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Word Nerd: Domoic

This one is literally gut-wrenching.

By Ryan Hume

For Coast Weekend

Published on August 17, 2017 12:01AM

Wikimedia Commons


Domoic [də•mō•ik]

noun

1. Domoic acid: a naturally occurring neurotoxin with the chemical composition of C15H21NO6. This amino acid is produced by certain types of microscopic algae, especially of the genus Pseudo-nitzschia, of which 23 of the known 48 species generate the toxin responsible for amnesic shellfish poisoning.

While there are always scant amounts of domoic acid present in ocean waters where the algae is found, it is when the algae blooms that shellfish, sardines and anchovies absorb levels of the toxin that can become dangerous to the birds, sea mammals and humans that consume them. Amnesic shellfish poisoning can cause confusion, vomiting, seizures, brain damage and death.

The bivalves, crustaceans and small forage fish that regularly consume this phytoplankton are unaffected by the degenerative effects that occur higher up the food chain and, with time, will excrete the concentrated toxin and be safe to eat again. The international and national standard for domoic acid in shellfish meat unfit for human consumption is 20 parts per million

Origin:

Also called demoate in neurophysiological jargon, domoic comes from the Japanese, dōmoi, ドウモイ, which is a regional word from the Tokunoshima Island dialect meaning, “seaweed,” where the toxin was first isolated from a species of red algae known as Chondria armata in 1958. For many years, the toxin was used there as an antiparasitic drug, often to deworm Japanese children.

Its first known use as domoic in English is traced to 1982. It is now widely believed that an August 1961 incident in which hundreds of sea-birds dive-bombed the city of Capitola, California, which served in part as inspiration for Alfred Hitchcock’s “The Birds,” was the result of domoic acid poisoning the fowl after a feast on local anchovy.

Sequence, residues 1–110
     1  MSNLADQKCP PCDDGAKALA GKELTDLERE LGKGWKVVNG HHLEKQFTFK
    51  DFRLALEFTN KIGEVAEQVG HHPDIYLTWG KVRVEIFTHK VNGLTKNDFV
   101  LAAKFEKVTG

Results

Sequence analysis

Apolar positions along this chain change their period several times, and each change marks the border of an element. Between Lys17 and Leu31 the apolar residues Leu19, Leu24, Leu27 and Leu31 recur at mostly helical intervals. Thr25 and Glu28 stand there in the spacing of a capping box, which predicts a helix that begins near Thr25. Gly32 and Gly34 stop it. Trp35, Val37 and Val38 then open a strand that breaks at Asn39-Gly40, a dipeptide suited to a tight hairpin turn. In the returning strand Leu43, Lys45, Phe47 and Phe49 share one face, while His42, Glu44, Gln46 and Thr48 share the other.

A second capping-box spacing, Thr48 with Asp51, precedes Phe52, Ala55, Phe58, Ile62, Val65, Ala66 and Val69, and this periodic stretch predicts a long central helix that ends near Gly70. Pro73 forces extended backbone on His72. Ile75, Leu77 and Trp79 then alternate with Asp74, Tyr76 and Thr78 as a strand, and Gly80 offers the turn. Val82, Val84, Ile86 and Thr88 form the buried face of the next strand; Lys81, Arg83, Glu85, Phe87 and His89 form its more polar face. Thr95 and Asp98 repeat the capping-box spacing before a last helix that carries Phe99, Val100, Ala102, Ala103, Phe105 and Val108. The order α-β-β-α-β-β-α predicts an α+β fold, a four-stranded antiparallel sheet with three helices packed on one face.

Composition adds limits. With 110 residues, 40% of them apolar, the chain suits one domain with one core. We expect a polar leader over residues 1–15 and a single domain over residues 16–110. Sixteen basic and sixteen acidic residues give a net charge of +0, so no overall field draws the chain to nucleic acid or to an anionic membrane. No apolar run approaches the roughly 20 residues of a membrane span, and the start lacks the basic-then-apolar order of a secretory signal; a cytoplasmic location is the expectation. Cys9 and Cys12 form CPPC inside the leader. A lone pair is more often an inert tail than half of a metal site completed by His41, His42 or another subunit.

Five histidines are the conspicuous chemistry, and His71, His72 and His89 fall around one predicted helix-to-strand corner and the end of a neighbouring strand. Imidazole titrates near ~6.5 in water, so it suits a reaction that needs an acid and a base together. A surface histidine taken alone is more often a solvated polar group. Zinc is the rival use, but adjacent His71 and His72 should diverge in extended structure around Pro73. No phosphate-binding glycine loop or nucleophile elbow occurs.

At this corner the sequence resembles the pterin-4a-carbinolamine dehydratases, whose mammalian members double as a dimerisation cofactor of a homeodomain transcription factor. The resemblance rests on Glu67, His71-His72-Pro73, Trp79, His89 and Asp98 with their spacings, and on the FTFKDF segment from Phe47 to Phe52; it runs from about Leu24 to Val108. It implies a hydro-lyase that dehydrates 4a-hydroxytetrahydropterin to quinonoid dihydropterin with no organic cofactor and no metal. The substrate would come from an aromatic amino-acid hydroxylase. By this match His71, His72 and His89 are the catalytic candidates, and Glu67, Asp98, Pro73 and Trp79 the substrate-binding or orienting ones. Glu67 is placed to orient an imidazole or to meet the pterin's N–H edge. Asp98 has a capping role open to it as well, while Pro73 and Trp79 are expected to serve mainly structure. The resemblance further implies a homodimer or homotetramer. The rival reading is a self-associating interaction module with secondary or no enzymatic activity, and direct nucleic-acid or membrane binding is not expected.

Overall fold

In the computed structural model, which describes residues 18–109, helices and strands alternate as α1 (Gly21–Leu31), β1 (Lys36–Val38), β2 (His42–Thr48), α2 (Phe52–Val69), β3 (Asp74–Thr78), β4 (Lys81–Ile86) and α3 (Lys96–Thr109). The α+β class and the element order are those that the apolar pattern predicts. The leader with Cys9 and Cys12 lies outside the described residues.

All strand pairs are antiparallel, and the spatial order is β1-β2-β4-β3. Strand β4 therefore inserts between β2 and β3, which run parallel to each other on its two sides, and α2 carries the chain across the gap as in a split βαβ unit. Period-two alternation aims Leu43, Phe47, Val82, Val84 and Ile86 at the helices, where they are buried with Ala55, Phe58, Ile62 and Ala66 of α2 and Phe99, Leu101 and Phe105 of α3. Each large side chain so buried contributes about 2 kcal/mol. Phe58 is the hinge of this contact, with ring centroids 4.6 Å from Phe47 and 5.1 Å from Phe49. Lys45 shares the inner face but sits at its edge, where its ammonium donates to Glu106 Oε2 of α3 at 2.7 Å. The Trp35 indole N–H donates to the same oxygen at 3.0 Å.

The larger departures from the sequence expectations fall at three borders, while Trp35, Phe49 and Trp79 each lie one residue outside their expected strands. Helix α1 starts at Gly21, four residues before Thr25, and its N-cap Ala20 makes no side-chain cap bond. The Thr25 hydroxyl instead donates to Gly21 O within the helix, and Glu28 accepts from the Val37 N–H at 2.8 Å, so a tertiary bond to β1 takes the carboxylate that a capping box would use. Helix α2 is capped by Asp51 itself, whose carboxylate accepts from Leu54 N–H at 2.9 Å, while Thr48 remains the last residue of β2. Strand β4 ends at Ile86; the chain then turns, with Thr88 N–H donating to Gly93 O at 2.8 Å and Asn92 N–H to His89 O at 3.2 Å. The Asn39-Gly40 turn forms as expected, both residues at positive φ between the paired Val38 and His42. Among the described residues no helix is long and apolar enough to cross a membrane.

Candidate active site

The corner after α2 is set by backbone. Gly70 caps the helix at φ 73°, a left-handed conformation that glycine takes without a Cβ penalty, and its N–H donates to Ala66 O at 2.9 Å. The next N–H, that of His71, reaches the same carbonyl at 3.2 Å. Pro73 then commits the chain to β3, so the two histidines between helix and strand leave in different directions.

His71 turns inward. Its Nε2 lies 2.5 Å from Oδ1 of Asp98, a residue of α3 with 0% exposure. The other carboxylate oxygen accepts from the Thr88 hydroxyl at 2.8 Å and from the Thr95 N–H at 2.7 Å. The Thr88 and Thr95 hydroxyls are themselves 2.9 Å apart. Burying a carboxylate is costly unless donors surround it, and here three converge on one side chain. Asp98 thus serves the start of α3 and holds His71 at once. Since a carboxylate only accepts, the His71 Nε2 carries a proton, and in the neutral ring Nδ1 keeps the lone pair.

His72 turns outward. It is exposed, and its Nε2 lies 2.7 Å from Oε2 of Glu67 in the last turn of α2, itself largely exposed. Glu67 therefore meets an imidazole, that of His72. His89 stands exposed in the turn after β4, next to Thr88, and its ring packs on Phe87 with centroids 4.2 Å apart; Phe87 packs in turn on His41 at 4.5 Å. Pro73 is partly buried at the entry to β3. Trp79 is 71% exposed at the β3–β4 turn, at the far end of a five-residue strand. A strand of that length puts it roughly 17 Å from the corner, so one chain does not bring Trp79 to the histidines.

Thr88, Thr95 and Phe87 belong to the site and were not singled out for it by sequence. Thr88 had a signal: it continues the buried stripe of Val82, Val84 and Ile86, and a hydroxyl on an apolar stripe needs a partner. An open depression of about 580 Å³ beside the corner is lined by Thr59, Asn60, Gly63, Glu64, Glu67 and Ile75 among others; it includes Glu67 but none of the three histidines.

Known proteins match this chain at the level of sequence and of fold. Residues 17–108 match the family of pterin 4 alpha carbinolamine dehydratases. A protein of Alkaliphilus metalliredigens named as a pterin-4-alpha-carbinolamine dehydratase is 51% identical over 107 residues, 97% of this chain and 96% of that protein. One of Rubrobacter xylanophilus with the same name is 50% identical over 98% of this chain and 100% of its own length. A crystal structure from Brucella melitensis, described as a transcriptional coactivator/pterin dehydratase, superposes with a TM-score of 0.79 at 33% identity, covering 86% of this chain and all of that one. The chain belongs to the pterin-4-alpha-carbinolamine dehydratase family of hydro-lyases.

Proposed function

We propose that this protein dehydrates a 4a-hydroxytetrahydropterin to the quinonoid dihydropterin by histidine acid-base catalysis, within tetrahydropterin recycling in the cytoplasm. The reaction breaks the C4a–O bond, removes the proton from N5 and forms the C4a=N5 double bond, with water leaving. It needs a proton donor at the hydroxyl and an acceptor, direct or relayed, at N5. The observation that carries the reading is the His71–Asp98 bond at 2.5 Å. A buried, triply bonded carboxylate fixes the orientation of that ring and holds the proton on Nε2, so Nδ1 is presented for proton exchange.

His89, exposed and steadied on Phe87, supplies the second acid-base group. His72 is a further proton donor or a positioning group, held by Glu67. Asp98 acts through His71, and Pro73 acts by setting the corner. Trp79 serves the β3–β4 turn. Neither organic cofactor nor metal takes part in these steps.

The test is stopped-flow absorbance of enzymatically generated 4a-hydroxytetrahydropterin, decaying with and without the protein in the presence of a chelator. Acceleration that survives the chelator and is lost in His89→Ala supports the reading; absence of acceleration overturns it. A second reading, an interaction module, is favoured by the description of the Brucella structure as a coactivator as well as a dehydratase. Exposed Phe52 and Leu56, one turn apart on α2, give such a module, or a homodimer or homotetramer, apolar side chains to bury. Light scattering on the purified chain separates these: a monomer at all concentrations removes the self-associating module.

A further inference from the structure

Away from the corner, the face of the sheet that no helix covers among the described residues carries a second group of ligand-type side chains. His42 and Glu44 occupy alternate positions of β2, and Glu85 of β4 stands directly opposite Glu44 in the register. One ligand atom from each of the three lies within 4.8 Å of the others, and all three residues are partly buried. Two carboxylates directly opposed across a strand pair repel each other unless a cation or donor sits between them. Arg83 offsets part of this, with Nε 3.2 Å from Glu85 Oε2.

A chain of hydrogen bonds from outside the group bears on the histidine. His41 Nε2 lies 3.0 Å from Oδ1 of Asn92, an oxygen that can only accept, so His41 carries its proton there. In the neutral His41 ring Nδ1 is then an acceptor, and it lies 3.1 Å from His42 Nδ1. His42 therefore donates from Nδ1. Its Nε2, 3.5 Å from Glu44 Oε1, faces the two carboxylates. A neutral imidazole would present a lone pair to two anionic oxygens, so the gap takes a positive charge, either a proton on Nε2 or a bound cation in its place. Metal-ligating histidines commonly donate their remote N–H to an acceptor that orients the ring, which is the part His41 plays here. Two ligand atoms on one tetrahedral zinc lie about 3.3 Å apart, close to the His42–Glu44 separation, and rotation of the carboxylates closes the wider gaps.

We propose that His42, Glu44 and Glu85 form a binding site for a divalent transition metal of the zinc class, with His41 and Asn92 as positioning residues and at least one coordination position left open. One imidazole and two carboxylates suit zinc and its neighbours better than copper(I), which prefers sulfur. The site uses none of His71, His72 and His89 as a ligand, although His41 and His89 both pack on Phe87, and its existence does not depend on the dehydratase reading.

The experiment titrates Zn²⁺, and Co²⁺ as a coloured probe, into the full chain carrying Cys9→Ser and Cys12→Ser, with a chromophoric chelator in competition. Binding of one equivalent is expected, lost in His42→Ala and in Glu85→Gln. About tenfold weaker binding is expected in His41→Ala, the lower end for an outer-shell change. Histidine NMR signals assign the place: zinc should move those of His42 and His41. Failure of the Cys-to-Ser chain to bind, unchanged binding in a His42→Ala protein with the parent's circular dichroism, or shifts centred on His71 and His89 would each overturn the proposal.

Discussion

The toxin was first officially detected on the west coast in 1991 and has been the scourge of Dungeness and razor clam seasons for many years since.

“Shellfish and fish can accumulate domoic acid without apparent ill effects. Research has shown that razor clams accumulate domoic acid in edible tissue and are slow to expel the toxin. In Dungeness crab, domoic acid primarily accumulates in the viscera or ‘butter.’ Cooking or freezing affected fish or shellfish tissue does not lessen the toxicity.”

—​ Washington Department of Fish & Wildlife, “DOMOIC ACID - A major concern to washington state’s shellfish lovers,” http://wdfw.wa.gov/fishing/shellfish/razorclams/domoic_acid.html, accessed Aug. 7, 2017

“Just as the unexplainable avian attacks in ‘The Birds’ have terrified movie buffs for more than half a century, the 1961 frenzy puzzled scientists for decades. They now believe the culprit was domoic acid — the same neurotoxin that has delayed this year’s Dungeness crab season in California.”

—​ Laurel Hamers, “This Hitchcock movie was inspired by crab toxin frenzy in Capitola,” The Mercury News, Dec. 7, 2015



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